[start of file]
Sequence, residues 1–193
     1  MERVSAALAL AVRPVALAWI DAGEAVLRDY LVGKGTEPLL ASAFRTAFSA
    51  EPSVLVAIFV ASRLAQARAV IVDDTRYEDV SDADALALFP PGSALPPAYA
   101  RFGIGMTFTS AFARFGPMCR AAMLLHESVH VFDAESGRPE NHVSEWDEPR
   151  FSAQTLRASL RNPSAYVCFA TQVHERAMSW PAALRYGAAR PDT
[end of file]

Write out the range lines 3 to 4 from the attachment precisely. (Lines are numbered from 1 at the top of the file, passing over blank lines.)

    51  EPSVLVAIFV ASRLAQARAV IVDDTRYEDV SDADALALFP PGSALPPAYA
   101  RFGIGMTFTS AFARFGPMCR AAMLLHESVH VFDAESGRPE NHVSEWDEPR